Monthly Archives: September 2011

The Madness of Perfectionism

I hate making mistakes, no matter how small. Hate, hate, hate it. I’m one of those perfectionists that psychologists like to lecture about. And I know I’m not alone in the world–there’s a whole lot of perfectionists I know.

Being a perfectionist is a pain in the butt when it’s out of control, because it means one can get stuck in a rut of endless actions done over and over and over, or else one quits too soon. It’s an “all or nothing” mindset.

It’s a good thing babies don’t have this trait. Can you imagine a baby deciding after his first babble: “Hey, that didn’t make sense at all. I must have no ability for talking. I might as well quit now and stay silent.”

And yet I’ve seen people quit endeavors after one or two tries because they weren’t perfect at it. Perfectionism, when allowed to reign out of control, can shackle us in mental chains. We give up too soon. Or don’t even try at all, telling ourselves, “There’s no point, I’d screw it up anyway.”

As a perfectionist who loves to write, there are days when I wonder if I’m just a glutton for self-punishment by doing fiction writing on a daily basis. There are so many balls that need to be kept in the air during the writer’s juggle: plot, characterization, setting, narration style, word choices, grammar, structure, etc….no matter how a writer tries, there’s going to be mistakes.

For instance, I just got back today a corrected novel manuscript from the copy editor, and discovered that I’d accidentally left out a few bits of information about one of the villains that readers needed to know.  As the writer I can see into all the character’s heads at the same time, but the reader can only see into the characters by the words that were written on the manuscript page.  That’s why writers have first readers go over a manuscript–no matter how hard we try, we will not fill in all of the “lost” information the reader needs.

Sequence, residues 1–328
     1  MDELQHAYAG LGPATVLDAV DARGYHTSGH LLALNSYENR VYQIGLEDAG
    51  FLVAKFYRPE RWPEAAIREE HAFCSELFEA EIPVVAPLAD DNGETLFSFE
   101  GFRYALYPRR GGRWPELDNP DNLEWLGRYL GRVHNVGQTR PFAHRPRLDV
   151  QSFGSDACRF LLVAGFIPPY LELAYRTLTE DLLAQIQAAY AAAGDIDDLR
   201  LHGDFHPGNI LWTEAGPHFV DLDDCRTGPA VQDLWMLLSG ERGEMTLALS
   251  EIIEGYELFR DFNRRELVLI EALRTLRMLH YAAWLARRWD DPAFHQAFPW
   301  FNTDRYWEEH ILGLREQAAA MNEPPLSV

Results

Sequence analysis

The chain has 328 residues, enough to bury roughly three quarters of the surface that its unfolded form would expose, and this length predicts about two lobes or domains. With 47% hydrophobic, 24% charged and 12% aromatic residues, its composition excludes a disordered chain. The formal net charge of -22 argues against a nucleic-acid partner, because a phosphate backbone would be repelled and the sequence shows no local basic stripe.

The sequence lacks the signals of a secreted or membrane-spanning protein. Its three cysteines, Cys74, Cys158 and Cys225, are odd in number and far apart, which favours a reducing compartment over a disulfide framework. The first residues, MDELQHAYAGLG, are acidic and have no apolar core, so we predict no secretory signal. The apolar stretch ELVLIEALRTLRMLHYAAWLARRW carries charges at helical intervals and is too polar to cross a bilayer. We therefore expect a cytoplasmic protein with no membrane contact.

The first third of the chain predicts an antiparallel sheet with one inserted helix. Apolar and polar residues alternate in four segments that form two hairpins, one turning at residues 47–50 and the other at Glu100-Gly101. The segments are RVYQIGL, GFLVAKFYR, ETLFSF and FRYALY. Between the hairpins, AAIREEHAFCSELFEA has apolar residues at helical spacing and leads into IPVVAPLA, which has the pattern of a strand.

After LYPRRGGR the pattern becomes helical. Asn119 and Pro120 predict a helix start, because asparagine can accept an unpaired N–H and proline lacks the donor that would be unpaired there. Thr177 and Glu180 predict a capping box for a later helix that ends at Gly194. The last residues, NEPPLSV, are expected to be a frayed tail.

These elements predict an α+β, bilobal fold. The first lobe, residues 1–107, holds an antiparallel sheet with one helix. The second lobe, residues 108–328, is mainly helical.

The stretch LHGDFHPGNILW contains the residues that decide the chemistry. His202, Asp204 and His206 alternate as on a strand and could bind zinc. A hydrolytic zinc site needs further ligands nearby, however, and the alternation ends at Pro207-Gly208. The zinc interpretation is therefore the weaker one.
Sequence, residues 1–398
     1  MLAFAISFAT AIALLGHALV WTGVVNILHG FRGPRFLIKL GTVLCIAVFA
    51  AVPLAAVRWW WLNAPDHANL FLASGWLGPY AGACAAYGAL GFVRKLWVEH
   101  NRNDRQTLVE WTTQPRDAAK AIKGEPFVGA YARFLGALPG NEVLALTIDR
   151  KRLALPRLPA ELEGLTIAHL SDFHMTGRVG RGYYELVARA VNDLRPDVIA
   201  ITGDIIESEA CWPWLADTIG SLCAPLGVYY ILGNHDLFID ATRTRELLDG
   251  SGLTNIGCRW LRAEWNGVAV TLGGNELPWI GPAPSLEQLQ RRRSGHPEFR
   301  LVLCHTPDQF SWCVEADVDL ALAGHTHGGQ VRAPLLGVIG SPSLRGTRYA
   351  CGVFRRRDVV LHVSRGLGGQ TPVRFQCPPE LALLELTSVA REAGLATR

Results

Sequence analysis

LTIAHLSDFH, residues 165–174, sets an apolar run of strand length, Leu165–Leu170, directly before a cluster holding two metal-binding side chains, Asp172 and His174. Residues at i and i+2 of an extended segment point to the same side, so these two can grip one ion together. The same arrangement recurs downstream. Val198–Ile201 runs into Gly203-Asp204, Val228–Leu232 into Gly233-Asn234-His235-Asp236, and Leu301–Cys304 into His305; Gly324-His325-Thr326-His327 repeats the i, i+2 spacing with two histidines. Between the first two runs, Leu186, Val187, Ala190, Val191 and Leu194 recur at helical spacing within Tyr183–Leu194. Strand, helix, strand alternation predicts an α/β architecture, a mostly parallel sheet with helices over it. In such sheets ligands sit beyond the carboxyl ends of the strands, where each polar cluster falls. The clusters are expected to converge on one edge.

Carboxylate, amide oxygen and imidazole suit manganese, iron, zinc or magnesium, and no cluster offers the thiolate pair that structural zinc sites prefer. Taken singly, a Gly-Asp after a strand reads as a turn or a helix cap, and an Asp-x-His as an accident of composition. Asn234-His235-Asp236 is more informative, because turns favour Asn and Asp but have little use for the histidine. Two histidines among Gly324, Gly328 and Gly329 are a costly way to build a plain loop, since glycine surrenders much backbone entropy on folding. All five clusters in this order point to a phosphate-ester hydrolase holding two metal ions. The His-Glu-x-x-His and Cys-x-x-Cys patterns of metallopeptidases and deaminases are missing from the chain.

Still drives me bonkers when I forget to write something down for readers. I’m a perfectionist. I want to get it right the first time.

I’ve had to learn to accept that mistakes are going to happen. I still get upset, but at least I no longer quit or cycle endlessly in revisions. I find it helps to remind myself about my years in QA in the software industry, and how there was a point in the software release cycle where there were diminishing returns on the investment of time in revisions. There comes a point where a manuscript–or a piece of software–begins to fall apart the more you mess with it.

I’ve always like the advice one old pro gave me, which was, “Once you find yourself changing something in the manuscript, then changing it back to how it was before, it’s time to stop revising and send it off.”

There are days I’m sorely tempted to take the current urban fantasy manuscript that is being edited and hide it so that it’ll never see the light of day, even though it’s been read by an editor, several fellow writers, a careful first reader, and a copy editor at this point. My perfectionism flaring up.

I have to keep reminding myself that there comes a point that a piece of work needs to be released into the world to fend its way on its own.

Also, if I’m continually redoing old work to death, new work won’t get done, ala George Lucas and his endless revisions of the Star Wars films. Lucas is going to end up the patron saint of perfectionism at this rate. 😛

So when perfectionism rears its ugly head, remember Saint George…

The Power of Kickstarter and Other Links

I’ve been swamped with writing and editing work, so that’s why I’ve been so quiet here on the blog for a bit. But there’s some links I want to share before I forget.

Everyone has probably heard all about Kickstarter (the funding platform for creative projects), but if you haven’t, go and check them out! Kickstarter is proving to be a great way for professional artists to get the start-up funds they need and for people to support favorite artists and web shows. For example:

A writer friend of mine, Annie Bellet, was able to successfully use Kickstarter to help fund her tuition to Clarion this past summer.

The web show Put This On just successfully raised over $70,000 to film Season Two.

Travis Hanson, a fantasy/comics illustrator I got to meet briefly at Albuquerque Comic Con, has successfully raised the funds he needs to print his web comic in book format.

Money has always been an issue for artists, especially filmmakers and illustrators, so the rise of crowd-sourcing such as Kickstarter excites me to no end.

In other news, Dean Wesley Smith has an important technology blog post on how writers, publishers, and booksellers can use Book Cards to market an e-book cheaply and attract readers into independent bookstores to buy e-books for their e-readers. WMG Publishing and Lucky Bat Books were passing out the first ever e-book cards at Worldcon to show off this brand new marketing idea.

And 20+ year pro Bob Mayer has some blunt, quick advice on how to be a fiction writer that has a career that lasts for decades.